Curatorial Fellow, Graphic Arts
One part of my fellowship at the Library Company that I was not expecting was the messiness of working in special collections. When we receive a large collection of items from a member of the public, the objects often come to us in a state of disarray. While getting these gifts is daunting, it is nonetheless exciting to know that a family or community member trusts me and my colleagues to take care of and interpret their valued photographs, prints, or watercolors.
What is even more intriguing, however, is encounter works in our collection which have already been processed but still embody this messy imperfection. The Stevens-Cogdell/Sanders-Venning Family Album is an example of one such object. As you flip through the pages, the album’s visual and physical quirks become immediately evident. There are pages with photographs on top of one another. Other pages do not have any images at all. The pages with multiple photographs have images from different time periods, with photographs from the 20th century overlapping those from the 19th century. There are duplicate portraits throughout the album. The portraits represent a wide range of mediums with silhouettes, cabinet cards, tintypes, and cartes de visite mixed among one another.
Portrait photograph of Louise Sanders Venning inserted before page 32 of Stevens-Cogdell/Sanders-Venning Family Photograph Album, ca. 1860-1925.
These imperfections work together to create a vivid picture of the life of this multi-generational, middle-class African American family. In a lot of ways, it reminds me of my own family albums, which contain all kinds of oddities, including a silhouette my parents had me sit for when I was an infant. Being able to associate myself and my family’s memories with an object that is held in America’s oldest cultural institution is an important sign of the Library’s ability to tell a more inclusive story of the nation’s history.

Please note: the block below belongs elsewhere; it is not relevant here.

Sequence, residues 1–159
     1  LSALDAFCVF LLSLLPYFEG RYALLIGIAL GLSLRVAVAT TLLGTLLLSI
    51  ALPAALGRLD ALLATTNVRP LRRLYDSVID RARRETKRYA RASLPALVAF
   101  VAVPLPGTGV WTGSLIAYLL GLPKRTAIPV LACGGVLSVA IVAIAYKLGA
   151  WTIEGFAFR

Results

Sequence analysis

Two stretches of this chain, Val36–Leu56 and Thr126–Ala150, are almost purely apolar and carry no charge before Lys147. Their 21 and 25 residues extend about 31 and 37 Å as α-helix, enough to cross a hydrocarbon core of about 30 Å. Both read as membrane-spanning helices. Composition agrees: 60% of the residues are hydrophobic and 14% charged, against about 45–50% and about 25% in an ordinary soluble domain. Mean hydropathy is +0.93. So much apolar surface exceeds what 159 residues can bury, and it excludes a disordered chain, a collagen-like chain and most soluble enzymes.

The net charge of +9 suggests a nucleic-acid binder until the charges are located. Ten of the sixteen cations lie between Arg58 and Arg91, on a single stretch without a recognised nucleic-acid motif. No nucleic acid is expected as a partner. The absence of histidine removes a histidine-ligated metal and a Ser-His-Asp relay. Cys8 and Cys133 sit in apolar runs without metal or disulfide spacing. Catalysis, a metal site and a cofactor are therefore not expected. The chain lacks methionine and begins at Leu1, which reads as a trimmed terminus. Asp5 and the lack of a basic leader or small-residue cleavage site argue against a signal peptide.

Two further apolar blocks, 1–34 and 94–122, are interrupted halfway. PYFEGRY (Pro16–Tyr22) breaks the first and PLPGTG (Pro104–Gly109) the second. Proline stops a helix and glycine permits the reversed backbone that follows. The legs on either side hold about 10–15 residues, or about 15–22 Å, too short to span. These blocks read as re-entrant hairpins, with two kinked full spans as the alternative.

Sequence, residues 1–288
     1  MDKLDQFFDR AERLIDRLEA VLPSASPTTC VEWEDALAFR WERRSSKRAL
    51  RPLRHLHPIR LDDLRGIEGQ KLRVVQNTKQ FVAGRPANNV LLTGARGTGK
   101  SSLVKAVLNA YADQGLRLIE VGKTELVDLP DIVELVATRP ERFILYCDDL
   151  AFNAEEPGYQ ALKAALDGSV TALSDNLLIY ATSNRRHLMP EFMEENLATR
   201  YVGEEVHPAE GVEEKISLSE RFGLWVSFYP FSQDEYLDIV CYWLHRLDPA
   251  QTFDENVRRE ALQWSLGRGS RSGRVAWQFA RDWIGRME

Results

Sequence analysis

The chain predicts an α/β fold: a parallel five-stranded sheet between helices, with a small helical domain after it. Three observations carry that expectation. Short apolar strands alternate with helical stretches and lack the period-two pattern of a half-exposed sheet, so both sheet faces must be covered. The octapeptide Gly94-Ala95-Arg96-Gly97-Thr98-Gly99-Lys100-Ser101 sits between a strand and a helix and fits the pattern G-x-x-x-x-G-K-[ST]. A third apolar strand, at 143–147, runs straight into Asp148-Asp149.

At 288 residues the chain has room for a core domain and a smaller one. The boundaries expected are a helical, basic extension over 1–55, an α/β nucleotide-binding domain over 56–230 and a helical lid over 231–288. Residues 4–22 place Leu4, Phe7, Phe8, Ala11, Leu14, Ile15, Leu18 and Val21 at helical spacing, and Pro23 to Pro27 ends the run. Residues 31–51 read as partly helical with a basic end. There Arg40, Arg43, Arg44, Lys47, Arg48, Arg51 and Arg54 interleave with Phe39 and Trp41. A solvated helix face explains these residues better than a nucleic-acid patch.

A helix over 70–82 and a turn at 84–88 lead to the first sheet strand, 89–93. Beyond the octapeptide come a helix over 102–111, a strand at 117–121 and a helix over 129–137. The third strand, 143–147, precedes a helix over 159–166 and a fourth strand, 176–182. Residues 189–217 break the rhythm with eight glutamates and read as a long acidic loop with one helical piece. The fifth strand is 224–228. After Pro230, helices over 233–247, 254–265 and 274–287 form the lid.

Portrait photograph of Cordelia Chew Hinkson and her daughter Cordelia Hinkson Brown inserted before page 32 of Stevens-Cogdell/Sanders-Venning Family Photograph Album, ca. 1860-1925.
At the same time, it is worth interrogating how this album actually continues to tell an incomplete story, given its focus on a middle-class Black family. Over the Library Company’s history, tellingly, acquisitions of graphic materials with degrading and dehumanizing depictions of Black people predominated. The gift of the Stevens-Cogdell/Sanders-Venning Album is formative for the Library. However, while the volume represents a more dignified picture of African American families, the life represented and its comforts were reserved for those who were able to rise in social status.
As we continue to think critically about past curators’ collecting priorities and adjust those of the present day priorities accordingly, it is imperative to keep considering how Black people are under and misrepresented in our collection. It is also just as important for us to think of identity in an intersectional manner so we can acknowledge the perspectives of those who are often left out if we think solely in terms of race and ethnicity.
Imperfect History is supported by the Henry Luce Foundation, Walter J. Miller Trust, Center for American Art, Philadelphia Museum of Art, Jay Robert Stiefel and Terra Foundation for American Art.